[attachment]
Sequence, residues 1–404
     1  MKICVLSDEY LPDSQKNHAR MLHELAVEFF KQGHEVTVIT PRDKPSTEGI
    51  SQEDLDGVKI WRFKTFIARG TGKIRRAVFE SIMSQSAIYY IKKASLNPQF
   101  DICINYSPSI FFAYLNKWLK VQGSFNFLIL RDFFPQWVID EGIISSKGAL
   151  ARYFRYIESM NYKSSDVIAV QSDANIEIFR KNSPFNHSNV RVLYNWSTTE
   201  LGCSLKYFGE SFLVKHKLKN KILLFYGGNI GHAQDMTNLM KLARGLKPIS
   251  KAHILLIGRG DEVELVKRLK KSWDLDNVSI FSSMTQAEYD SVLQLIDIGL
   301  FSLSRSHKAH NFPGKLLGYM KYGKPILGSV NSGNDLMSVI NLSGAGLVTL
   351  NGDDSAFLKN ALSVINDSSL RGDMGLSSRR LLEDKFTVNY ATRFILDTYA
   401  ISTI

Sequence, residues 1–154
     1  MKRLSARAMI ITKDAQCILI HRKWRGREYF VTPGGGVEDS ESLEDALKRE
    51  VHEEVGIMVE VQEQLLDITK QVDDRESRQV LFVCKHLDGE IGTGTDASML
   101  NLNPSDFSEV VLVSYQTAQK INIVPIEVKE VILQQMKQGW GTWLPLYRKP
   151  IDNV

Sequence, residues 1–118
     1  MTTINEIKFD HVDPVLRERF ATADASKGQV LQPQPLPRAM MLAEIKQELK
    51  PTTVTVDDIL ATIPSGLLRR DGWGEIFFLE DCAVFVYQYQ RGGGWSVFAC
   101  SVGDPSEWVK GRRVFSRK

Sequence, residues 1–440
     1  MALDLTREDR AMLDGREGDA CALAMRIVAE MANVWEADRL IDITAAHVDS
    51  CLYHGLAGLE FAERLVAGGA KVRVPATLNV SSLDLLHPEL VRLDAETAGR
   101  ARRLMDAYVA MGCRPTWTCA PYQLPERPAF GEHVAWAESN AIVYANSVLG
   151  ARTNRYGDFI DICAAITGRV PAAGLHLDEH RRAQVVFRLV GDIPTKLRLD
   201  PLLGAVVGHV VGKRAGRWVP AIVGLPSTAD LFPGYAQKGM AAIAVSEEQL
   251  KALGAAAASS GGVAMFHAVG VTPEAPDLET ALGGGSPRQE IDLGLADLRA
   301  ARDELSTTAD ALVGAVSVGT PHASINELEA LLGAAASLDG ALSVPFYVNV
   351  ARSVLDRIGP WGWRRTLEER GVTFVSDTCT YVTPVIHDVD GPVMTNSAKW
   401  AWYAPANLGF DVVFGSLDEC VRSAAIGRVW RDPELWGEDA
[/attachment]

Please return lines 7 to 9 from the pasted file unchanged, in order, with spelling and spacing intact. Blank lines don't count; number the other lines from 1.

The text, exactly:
   251  KAHILLIGRG DEVELVKRLK KSWDLDNVSI FSSMTQAEYD SVLQLIDIGL
   301  FSLSRSHKAH NFPGKLLGYM KYGKPILGSV NSGNDLMSVI NLSGAGLVTL
   351  NGDDSAFLKN ALSVINDSSL RGDMGLSSRR LLEDKFTVNY ATRFILDTYA